l e done and *be gentleman wanted $250 down. Now it so happened
that Mju. Varner was an extremely frugal woman. For years she had
saved every scant penny of the meagre wages that a section foreman
receives. The amount of her little pile on January 3, was $28<M9.
Cheerfully and with tears of gladness in her eyes the secHonman:s
wife turned over to the debonair doctor $250.00. There were I ?3.)
loft The doctor promised to send a nurse down who would or ly gosi
$25 a w>k. §h<?-Came, stayed three dl^ took $23.75, went b§A to
Houston nnd the'home was stripped of its last cent The cupboard was
hare, not a i tick of wood in the bouse and but for a kindly neighbor
who ran a gin, the dying man would have frozen to death on the Satnr
day after the handsome Houston doctor visited tbe section house
Three trips did the doctor make altogether. The fir*' trip ho
got the money and did nothing for the sick man, then he went to Ragle
Lake, some thirty miles away, enjoyed himself shooting ducks and re-
turned to give the first radium treatment. This "radium" was sime
grains of wilicilic acid which were placed on the cancer and top
dressed with a yellow talcum powder. He also shot some dope into
his arm 1hat*rendered the arm useless. One other visit was mnde a few-
days later and the doctor returned to Houston never to bo seen again
in his quaint old southern town.
Varner lying on his bed of pain grew steadily worse after this
treatment. In despair the wife called the doctor up over long distance
telephone and was courteously informed that unless he received $125
ar once, be would not come back. This money Mrs, Varner could not
&he had some money by this time, because a big hearted man
< nt around the public square and secured $66.50 to keep the little
houshold going. The Woodmen of the World also helped. His local
odge in Gonzales hearing of his distress ralllied at once and come to
his assistance and the local lodge also contributed to keep the pot
boiling. Still the woman did not have the $125. So the doctor stayed
away. And indeed he was wise in his generation, because in our com-
munity, vwhile we have gotten over the ljnching habit) a number of
"While I cancel this man's advertising, I must say that I have
some svmpathy for these advertising doctors, because they are houhd-
ed by the ethical members of the medical profusion who do not adver-
tise directly but do seek to secure all the frw advertising possible, as
for instance, when they perform operations SyTof the ordinary or dis-
cover a s"rum or remedy they rush to our office to boost themselves
and they won't pay for a three-line card."
Comment on the above is superfluous. It Uit reveals the view-
point of ihe average editor of a capitalist daily paper.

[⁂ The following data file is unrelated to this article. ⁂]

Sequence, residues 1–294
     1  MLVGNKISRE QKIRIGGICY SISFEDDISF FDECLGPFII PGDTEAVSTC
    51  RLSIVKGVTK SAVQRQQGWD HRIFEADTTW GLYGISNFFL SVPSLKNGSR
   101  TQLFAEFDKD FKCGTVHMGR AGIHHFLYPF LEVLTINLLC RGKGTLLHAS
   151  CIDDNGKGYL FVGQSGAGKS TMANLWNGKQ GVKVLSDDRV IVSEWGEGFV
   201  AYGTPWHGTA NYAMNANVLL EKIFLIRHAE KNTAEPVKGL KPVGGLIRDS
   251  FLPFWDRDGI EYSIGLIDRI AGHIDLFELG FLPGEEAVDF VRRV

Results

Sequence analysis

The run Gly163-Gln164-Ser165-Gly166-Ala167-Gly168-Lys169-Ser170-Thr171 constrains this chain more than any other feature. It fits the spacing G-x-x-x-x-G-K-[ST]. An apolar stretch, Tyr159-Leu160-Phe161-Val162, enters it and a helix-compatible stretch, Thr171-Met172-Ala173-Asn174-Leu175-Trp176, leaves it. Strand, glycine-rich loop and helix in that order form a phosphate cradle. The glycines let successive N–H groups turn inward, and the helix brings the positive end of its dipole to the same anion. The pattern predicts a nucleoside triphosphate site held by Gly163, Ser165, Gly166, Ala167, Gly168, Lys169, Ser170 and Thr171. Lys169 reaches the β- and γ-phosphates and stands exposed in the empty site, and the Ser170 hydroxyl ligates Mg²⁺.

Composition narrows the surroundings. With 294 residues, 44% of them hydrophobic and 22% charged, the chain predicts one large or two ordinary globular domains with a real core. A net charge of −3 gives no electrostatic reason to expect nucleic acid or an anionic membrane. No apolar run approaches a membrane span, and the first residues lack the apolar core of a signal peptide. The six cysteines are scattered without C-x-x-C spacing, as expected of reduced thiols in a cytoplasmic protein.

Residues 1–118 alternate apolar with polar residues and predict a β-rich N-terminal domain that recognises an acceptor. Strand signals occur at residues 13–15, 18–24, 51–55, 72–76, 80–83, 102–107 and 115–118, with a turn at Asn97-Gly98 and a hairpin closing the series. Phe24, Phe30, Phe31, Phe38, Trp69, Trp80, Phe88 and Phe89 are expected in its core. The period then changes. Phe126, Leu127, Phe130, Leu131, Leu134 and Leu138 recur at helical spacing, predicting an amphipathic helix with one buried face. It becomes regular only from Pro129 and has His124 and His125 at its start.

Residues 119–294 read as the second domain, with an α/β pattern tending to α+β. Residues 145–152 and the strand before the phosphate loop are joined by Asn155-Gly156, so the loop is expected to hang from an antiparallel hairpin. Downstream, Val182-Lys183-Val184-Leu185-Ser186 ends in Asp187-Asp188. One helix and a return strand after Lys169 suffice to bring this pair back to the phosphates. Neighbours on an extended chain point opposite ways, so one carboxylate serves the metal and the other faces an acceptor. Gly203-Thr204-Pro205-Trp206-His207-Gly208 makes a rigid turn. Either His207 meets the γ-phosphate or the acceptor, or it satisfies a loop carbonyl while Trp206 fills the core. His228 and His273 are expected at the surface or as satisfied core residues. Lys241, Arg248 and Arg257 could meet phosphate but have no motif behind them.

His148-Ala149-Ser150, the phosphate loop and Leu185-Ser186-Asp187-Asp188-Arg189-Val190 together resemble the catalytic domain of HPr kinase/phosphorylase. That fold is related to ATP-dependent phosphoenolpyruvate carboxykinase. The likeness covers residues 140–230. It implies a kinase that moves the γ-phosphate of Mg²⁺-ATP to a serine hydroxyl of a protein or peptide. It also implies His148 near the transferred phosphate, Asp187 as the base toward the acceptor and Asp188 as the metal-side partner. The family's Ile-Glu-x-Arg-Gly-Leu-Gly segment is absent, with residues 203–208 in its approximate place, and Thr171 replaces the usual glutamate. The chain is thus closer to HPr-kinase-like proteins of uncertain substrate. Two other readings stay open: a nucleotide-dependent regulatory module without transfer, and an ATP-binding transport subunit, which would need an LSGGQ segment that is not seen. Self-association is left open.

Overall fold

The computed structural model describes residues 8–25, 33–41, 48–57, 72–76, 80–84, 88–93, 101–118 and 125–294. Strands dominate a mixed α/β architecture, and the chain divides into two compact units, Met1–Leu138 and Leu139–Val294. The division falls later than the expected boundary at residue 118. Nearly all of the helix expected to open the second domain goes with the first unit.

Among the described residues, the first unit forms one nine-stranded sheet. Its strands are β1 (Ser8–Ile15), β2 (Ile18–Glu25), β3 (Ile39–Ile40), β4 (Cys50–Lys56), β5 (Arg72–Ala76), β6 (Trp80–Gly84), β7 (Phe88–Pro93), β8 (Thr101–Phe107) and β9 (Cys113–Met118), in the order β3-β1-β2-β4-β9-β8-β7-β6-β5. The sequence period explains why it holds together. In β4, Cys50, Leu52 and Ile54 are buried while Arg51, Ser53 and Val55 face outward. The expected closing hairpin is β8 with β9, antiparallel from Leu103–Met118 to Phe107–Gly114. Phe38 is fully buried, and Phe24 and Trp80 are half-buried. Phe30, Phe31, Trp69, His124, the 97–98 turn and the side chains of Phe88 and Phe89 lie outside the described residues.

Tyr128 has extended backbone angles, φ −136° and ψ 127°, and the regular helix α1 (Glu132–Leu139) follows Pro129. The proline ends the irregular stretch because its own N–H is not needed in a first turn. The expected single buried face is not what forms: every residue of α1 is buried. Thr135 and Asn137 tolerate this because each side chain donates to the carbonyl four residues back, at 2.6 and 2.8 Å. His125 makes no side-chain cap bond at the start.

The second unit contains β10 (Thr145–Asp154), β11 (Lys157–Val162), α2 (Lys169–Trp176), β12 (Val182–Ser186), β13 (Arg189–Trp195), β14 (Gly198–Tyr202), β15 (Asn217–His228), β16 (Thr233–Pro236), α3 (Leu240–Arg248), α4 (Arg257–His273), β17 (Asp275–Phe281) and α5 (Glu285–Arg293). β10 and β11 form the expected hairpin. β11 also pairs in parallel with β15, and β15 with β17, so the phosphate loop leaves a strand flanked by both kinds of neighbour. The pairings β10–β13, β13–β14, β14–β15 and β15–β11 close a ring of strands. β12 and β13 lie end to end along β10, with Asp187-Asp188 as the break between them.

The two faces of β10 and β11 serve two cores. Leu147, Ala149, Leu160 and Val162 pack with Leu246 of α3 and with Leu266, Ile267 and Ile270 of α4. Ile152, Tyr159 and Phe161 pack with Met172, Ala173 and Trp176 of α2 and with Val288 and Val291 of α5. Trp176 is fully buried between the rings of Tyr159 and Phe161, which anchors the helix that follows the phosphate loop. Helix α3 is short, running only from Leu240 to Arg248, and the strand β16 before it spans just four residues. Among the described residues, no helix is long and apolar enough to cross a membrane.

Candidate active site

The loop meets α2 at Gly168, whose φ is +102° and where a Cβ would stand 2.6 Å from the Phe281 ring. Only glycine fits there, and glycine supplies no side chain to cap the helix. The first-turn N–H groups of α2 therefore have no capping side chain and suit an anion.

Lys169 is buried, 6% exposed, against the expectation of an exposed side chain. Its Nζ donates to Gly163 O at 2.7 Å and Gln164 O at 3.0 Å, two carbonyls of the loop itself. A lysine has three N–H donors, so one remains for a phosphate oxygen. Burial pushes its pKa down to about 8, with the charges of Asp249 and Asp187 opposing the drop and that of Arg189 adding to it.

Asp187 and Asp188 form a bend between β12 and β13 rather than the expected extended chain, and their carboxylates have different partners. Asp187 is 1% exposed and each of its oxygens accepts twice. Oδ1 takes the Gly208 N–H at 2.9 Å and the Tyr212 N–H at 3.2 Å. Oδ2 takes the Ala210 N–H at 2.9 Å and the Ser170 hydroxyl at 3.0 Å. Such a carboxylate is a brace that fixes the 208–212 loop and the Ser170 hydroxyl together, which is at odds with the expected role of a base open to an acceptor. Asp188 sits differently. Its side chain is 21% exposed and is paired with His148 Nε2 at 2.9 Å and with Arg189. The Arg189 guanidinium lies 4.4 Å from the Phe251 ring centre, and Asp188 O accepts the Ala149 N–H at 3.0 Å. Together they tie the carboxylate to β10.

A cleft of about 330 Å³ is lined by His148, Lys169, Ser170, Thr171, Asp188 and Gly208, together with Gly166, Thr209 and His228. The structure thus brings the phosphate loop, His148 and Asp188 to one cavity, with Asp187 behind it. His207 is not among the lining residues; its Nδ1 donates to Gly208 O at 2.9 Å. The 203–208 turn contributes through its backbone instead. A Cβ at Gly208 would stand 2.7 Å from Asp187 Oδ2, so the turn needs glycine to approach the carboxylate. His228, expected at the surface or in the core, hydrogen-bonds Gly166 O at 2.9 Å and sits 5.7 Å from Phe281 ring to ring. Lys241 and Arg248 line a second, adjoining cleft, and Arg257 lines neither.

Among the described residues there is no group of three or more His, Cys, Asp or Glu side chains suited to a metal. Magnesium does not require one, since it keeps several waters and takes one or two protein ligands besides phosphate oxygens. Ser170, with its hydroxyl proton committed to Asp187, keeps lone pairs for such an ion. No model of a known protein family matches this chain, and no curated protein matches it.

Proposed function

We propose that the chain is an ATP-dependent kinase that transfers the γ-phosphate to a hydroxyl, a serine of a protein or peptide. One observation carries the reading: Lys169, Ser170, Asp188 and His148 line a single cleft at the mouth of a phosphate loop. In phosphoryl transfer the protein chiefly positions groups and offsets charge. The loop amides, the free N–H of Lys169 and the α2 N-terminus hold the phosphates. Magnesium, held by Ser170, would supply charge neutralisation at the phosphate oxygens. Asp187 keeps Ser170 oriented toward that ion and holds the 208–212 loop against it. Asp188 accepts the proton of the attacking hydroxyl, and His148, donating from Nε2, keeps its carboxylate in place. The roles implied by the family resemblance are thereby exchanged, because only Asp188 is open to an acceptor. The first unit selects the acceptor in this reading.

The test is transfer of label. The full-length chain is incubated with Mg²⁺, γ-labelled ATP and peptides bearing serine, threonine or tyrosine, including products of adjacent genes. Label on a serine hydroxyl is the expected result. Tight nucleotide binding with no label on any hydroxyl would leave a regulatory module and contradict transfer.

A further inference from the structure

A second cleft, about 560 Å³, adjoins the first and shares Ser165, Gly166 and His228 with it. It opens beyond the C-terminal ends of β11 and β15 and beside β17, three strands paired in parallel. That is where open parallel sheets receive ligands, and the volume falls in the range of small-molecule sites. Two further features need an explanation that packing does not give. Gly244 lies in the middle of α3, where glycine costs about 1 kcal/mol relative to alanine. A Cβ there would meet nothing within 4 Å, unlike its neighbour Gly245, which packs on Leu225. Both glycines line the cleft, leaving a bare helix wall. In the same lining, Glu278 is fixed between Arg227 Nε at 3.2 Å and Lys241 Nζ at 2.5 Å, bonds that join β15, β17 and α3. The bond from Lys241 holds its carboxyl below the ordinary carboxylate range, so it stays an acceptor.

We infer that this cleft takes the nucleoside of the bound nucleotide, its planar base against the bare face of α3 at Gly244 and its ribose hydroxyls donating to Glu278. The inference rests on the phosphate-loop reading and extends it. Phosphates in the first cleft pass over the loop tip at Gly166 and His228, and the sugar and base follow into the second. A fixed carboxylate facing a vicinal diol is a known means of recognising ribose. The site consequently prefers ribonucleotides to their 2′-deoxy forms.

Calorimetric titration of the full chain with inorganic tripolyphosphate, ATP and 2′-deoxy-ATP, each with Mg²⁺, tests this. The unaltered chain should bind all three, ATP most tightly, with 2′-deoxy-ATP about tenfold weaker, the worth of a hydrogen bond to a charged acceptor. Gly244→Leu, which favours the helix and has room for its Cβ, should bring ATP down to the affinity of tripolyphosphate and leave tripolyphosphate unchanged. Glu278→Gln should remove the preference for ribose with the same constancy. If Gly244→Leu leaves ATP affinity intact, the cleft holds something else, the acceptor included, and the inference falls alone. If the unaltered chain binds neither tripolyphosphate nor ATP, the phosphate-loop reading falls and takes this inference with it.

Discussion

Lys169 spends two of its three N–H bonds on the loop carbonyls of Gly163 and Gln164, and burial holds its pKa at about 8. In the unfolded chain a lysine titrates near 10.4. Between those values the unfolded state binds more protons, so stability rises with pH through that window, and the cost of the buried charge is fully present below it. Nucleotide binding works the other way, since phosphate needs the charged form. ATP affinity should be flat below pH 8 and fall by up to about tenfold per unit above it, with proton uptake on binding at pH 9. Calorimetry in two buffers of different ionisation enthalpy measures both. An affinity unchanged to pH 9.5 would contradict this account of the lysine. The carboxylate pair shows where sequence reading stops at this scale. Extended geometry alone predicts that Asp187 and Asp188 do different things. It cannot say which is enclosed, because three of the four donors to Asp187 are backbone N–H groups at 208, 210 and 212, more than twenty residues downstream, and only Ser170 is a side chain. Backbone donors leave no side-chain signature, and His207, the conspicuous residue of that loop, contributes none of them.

We then walked across the street to th< editorial rooms of the
Houston Post. A moment later I was in the d« n of the poet laureate
of childhood—Judd Mortimer Lewis, we aaid "Down in our town
of Ilallettsville there is a tot with tousled hair, four years old and her
ey s are damp and dark from crying because 1«t pape is being buried
this morning." Then 1 told him the story .just as I told it in the
CbrOniele a few minutes before. The big hfarted poet was touched
to the depths of his soul. Unlike George Keppler he apologized for
his profanity and then arm in arm we walked to the offices of the
busines h.anager of the Post, Mr. A .A. Clarkson and in a moment the
advertising was canceled I felt that the world was one tiny bit better
ber:a ihe of that fact. Five minutes later I was standing face to face
with Mr. Warner, the managing editor of the Post. I had succeeded
in the fi<st part of my wiRhes by choking a rascal out of the advertis-
ing .oIl,. ns and now I sought to cross the lines of the News and edi-
vo.'nrans. Here I am up against « snag and this is the reason
The Houston Post has a $600,000.00 bank roll. In the city of
Houston lives a large number of penniless lawyers who are struggling
despeiately for meal tickets in the jungle that all large cities have
becmir. These lawyers are ever alert to institute suits for libel, os-
pec'nllv now that the harsh and unjust interpretation of the libel law
as Mir'e by State Supreme Court Judges Ramsey and Dibrell is now
bei"f use! in the courts of Texas to still further shackle the press.
They scheme from day to day to get a portion of that immense bank
roll t'n* t the owners of the Post have secured in various methods.
To illustrate: Two lawyers made a practice of fleecing the un-
fortunate prisoners in the jails of Harris county, by false misrepre-
sent otions, so Mr. Warner alleges. The bar aaaociation t^k steps to